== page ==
almost 10 years on 2009-02-19


...a case for separating 'i/o' and 'network'

over the last few days a mini saga has played out over the question of a seemingly small change to facebook's terms of use.  before going any further, i just have to say that i have the utmost respect for the fb folk and do genuinely trust them with information.  i think that the magnitude of the reaction people had to a slight and seemingly necessary change in the terms of use given their current and future business was far far over the top and unwarranted.

that said - the issue of facebook's terms of use strikes at a much deeper and more important issue around information ownership given different types of services and application architectures.  these issues are going to only get more intense over time.

facebook's service is designed to syndicate content.  it needs to own your data to push it out to the parties that the service is designed to serve....  this is because it is both a content host, and a network.  it actively takes your information and p ushes that data out to your friends.  as mark explained in a blog post --

"when a person shares something like a message with a friend, two copies of that information are created—one in the person's sent messages box and the other in their friend's inbox. even if the person deactivates their account, their friend still has a copy of that message. we think this is the right way for facebook to work, and it is consistent with how other services like email work."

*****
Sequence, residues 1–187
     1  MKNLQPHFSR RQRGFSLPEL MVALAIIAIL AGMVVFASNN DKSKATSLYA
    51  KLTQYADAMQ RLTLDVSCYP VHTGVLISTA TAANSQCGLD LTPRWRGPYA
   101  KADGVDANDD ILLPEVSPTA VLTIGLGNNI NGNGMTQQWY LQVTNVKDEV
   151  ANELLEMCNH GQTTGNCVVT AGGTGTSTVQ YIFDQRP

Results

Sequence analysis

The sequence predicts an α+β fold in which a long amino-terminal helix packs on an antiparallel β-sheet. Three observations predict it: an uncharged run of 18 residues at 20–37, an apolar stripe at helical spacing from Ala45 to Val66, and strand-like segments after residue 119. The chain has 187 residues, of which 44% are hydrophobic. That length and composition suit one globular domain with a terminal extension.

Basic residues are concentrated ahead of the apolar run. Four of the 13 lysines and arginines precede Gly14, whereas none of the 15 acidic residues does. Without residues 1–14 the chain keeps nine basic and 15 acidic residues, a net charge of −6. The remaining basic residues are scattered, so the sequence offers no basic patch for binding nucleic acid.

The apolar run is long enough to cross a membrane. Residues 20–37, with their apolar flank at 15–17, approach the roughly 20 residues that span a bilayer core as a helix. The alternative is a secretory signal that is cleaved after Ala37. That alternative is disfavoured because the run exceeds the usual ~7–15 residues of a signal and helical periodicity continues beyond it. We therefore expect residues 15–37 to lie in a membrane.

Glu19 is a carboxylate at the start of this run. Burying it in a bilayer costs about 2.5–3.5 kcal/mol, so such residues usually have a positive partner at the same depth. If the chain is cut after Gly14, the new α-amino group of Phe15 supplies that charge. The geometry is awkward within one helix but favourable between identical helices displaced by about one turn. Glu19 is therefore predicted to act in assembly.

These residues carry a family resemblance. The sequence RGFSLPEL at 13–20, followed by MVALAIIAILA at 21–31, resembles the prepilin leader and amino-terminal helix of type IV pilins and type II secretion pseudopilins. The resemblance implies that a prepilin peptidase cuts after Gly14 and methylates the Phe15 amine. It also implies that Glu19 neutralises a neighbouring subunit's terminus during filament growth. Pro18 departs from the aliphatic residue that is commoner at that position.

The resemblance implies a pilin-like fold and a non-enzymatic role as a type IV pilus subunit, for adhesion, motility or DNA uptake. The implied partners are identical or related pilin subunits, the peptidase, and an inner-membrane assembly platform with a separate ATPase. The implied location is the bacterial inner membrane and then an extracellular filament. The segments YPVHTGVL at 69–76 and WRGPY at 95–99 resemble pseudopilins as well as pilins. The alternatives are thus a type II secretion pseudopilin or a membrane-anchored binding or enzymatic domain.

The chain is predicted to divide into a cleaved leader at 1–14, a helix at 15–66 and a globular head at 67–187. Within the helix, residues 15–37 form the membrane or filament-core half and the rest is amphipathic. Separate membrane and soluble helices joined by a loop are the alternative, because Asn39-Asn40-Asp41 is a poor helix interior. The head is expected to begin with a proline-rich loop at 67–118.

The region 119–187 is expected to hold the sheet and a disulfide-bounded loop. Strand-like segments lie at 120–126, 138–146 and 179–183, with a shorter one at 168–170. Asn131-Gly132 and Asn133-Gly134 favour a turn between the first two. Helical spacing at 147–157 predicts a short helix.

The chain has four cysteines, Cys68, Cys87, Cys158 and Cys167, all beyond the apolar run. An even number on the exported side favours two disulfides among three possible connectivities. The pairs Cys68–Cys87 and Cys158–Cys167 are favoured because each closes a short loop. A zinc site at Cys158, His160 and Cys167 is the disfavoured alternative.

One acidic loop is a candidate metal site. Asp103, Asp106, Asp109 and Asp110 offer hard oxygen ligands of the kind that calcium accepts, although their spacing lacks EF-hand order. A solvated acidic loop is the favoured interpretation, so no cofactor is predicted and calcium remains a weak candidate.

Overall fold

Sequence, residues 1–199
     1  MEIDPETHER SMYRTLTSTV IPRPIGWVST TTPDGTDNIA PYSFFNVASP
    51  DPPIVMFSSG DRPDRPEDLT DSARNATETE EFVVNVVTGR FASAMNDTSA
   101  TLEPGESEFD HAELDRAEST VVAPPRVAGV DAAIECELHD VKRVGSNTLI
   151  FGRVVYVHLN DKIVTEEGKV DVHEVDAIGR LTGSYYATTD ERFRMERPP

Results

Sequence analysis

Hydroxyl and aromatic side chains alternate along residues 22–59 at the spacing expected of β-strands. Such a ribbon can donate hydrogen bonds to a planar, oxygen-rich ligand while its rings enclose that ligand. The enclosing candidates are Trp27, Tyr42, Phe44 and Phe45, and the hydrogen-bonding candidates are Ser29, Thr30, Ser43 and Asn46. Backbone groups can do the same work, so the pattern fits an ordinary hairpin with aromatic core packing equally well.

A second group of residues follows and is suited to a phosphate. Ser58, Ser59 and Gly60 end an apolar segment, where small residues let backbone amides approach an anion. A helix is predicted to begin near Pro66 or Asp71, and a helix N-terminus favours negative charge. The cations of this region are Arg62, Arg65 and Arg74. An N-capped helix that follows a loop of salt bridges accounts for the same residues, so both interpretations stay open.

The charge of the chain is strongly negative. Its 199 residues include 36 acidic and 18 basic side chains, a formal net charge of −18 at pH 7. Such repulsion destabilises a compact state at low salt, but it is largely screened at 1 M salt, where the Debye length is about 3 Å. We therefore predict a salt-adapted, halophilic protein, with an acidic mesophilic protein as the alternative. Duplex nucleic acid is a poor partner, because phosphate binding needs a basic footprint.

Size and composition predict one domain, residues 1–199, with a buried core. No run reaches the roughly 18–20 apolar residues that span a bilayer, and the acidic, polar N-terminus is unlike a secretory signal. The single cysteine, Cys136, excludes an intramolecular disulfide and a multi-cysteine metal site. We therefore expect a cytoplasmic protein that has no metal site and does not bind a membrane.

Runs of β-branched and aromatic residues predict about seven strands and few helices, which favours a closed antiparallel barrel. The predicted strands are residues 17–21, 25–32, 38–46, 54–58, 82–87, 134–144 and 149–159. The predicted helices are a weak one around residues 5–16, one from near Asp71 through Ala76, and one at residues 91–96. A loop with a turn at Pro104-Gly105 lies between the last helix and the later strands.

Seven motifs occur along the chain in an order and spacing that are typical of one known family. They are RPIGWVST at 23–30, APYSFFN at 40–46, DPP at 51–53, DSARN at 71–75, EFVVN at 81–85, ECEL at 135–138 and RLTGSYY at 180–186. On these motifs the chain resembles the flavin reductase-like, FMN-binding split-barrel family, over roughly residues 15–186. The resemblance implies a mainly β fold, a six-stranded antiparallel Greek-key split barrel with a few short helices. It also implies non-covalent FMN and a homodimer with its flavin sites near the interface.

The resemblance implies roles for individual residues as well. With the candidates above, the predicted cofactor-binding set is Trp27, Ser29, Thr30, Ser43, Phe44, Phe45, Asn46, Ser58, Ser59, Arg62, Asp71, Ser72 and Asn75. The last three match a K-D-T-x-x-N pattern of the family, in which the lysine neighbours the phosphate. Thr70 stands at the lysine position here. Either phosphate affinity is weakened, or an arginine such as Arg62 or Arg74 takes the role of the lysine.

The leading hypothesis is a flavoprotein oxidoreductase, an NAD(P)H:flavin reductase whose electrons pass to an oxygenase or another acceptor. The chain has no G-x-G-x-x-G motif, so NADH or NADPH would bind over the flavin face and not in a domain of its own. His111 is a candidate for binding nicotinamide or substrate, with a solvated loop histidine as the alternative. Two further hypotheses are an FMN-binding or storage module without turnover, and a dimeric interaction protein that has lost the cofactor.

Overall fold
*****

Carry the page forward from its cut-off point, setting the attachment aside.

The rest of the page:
that is one way to build applications, but it isn't the only way...'s approach to data ownership is very different, and it allows us to give you full ownership and control of your information and how others interact with it.  we simply allow you to put information in a drop, and then when you 'share' it based on the permission set you establish for content within a drop, you define specifically how the content can and does move.  check out our terms of use and you will see how this plays out - we don't duplicate your content into other people's 'inboxes'/spheres of control.

because we only handle the input, access, and ouput of content and have no associated 'index' or 'network' we simply don't face the same issues that facebook must wrestle with about data ownership -- the ownership parameters are totally clear in our case, we don't own any of the content being placed in our service, end of story.

so, what does it all mean....

when you want to 'share' something on you are not making and distributing copies, instead you are simply passing on links which refer back to your drop.  so, if you want to share content you own and have placed on, you can simply push out a link to your facebook network via facebook connect, or via our twitter integration, or via email, rss, and a bunch of our other 'output' options....  none of these 'networks'/distribution channels end up 'owning' or needing to duplicate anything more than url pointers.

we hope that this becomes the option of choice in the future, where data i/o is divorced from distribution networks instead of being conflagrated....  in an always connected world, there is no reason for i/o and 'network/distribution' to be encapsulated in the same entity, as it clearly only causes problems...

the model of content hosting and distribution of the future allows you to keep your information somewhere you can flexibly exert total control, and push out links/pointers across the social and searchable web.  that way, when you are done you can efficiently close shop, and you don't have to worry about others needing to 'own' your content to be effective.

i see this as a big part of the future of privacy and dealing with the control of massive amounts of asymmetrical data in a massively accessible environment

original swl blogposts and letters 2007-2010